“The increase in bunker price in 2018 has been significantly higher than what had been expected and has now reached a level of $440 per ton in Europe, the highest since 2014. The increase is more than 20 percent compared to the beginning of 2018 and this unexpected development means that it is no longer possible for us to recover bunker costs through the standard bunker adjustment factors [BAF]," Maersk Line announced in a customer advisory.
MSC said fuel prices were up more than 30 percent this year, and almost 70 percent since last June, with prices in Europe passing $442 per ton last week. The carrier said crude oil was hovering around $80 a barrel — the highest since 2014 — and “emergency action” was required.
“MSC is therefore introducing a worldwide temporary emergency bunker surcharge on all ocean and land-based cargo carriage with immediate effect. This last-resort measure is essential to ensure that we navigate these challenging economic conditions in a steady and sustainable way and continue to provide a high quality of service to all our customers,” the carrier said.
After recording a profitable 2017, the first profitable year in years, carriers have crashed to first-quarter losses. While MSC does not release quarterly financial results, Maersk Line earlier this month reported an underlying loss of $220 million in continuing operations in the first quarter that it blamed largely on the rising cost of fuel. It was a pain felt by many other carriers that reported first-quarter losses. Hapag-Lloyd lost $40.5 million in the first three months of the year; Yang Ming Line lost $67 million, Hyundai Merchant Marine reported a loss of $164 million, and ZIM Integrated Shipping posted a $21.6 million loss.
There was a common theme in the results, with container volume increasing — by 16 percent in ZIM’s case — as well as revenue. Maersk Line even reported a 7 percent increase in average freight rates. However, fuel price increases spoiled the party in the first quarter and carriers will be hoping the emergency bunker surcharge goes some way towards addressing the unit cost issues.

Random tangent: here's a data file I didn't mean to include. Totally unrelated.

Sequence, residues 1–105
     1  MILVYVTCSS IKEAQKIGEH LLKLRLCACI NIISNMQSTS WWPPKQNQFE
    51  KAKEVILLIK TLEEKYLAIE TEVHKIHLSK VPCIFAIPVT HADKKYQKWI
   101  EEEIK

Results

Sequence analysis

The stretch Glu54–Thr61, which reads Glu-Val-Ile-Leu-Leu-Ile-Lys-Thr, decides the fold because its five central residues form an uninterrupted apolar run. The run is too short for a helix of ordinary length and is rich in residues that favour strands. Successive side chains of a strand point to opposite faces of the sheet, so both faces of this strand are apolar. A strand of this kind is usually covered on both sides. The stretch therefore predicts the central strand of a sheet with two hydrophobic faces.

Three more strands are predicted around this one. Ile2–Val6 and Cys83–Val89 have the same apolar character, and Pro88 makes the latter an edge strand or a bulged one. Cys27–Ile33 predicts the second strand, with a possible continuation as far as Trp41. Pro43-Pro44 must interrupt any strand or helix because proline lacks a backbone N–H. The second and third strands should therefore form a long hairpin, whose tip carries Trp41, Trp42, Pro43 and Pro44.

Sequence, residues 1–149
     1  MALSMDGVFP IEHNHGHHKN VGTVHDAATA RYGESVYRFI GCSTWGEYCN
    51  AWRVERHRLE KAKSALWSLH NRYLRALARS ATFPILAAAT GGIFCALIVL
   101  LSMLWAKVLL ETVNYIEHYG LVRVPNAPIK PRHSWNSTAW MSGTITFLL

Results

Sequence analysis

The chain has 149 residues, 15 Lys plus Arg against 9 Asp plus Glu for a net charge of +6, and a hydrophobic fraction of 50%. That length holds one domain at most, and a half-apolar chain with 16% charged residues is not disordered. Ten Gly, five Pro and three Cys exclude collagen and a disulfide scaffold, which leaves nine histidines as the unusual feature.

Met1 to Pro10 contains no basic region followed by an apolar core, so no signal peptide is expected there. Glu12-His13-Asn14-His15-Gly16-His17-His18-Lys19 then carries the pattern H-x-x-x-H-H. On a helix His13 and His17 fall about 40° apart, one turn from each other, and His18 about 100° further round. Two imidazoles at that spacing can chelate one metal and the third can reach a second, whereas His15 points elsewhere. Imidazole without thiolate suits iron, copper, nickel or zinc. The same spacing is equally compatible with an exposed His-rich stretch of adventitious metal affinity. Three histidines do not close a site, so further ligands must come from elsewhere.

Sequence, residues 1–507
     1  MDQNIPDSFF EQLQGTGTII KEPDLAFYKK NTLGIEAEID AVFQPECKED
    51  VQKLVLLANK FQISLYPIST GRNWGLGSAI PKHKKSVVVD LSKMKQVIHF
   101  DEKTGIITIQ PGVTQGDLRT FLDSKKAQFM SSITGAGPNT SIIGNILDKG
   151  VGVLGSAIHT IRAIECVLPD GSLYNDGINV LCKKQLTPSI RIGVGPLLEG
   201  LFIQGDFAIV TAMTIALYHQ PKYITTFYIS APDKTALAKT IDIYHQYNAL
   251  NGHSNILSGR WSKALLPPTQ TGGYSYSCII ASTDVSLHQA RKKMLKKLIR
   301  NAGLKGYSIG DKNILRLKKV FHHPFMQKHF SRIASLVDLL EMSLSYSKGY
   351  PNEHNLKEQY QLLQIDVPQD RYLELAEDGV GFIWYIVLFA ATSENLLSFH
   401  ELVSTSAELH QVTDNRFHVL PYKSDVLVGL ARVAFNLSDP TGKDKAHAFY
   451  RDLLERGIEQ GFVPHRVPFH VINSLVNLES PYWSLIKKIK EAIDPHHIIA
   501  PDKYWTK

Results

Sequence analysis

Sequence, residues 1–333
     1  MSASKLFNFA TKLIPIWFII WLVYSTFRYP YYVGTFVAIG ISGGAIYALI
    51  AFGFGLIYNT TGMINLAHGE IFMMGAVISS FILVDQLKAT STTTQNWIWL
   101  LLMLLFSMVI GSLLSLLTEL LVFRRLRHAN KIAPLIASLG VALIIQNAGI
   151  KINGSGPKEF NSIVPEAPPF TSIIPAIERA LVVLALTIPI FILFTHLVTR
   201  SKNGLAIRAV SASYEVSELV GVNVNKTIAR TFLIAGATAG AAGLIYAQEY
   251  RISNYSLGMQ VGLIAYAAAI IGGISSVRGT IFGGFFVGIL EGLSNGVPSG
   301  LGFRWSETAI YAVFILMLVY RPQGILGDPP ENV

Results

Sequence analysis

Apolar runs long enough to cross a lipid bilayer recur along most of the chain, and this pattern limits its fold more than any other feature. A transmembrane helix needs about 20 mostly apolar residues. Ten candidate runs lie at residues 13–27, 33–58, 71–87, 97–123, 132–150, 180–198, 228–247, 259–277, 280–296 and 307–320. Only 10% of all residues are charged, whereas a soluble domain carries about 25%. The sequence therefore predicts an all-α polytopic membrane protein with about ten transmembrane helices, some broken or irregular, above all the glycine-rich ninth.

Bunker prices have been rising steadily since July last year, but since the beginning of April the price of ISO 380 bunker fuel has jumped another 21.4 percent to an average of $452.58 per metric ton across the ports of Shanghai, Rotterdam, and New York-New Jersey as of May 17, according to IHS Markit data.
However, the emergency surcharges earned carriers a stinging rebuke from Lars Jensen, CEO and partner at SeaIntelligence Consulting, who said the BAF-style surcharges have become undermined over the years, rendering them ineffective because of the spill-over effect between BAF and base freight rates.
“This was easy to live with when we were in a low-cost fuel environment, but the increases have made it untenable,” he said. “Hence the carriers have a good case for why rates need to increase to adjust for fuel. The problem is that the way they are attempting to do it now is neither a logical nor a long-term durable solution. The changes in surcharges must be directly linked to the fuel impact on the individual containers — and a fixed fee irrespective of trade and vessel size does not live up to this.”
Jensen said the emergency bunker surcharge was being imposed on all corridors, irrespective of the length of the journey and the typical vessel sizes used on the different trade lanes. “By the very nature of this it means that the fuel surcharge mechanism has no clear link at all with the actual fuel price impact on the individual container shipped,” he said. “Hence the old surcharges, which actually did strive to have a clear link between fuel consumption per TEU on a specific trade lane, are now being supplanted by a mechanism with no such link at all.
“We are in a situation where the carriers have acknowledged that the current bunker surcharge mechanism is broken. But instead of replacing it with a new mechanism, they put the new mechanism on top of the old broken mechanism.”